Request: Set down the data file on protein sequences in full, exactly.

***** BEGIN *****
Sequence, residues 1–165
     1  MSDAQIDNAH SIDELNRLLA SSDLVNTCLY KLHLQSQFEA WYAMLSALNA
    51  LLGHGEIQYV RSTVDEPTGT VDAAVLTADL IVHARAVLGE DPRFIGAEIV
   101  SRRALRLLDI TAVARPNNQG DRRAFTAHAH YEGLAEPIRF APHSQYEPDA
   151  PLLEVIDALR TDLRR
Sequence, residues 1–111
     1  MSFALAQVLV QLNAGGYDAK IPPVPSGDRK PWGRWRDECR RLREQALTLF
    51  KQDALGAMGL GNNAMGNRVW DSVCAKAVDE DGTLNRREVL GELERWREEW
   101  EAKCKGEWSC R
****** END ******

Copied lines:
Sequence, residues 1–165
     1  MSDAQIDNAH SIDELNRLLA SSDLVNTCLY KLHLQSQFEA WYAMLSALNA
    51  LLGHGEIQYV RSTVDEPTGT VDAAVLTADL IVHARAVLGE DPRFIGAEIV
   101  SRRALRLLDI TAVARPNNQG DRRAFTAHAH YEGLAEPIRF APHSQYEPDA
   151  PLLEVIDALR TDLRR
Sequence, residues 1–111
     1  MSFALAQVLV QLNAGGYDAK IPPVPSGDRK PWGRWRDECR RLREQALTLF
    51  KQDALGAMGL GNNAMGNRVW DSVCAKAVDE DGTLNRREVL GELERWREEW
   101  EAKCKGEWSC R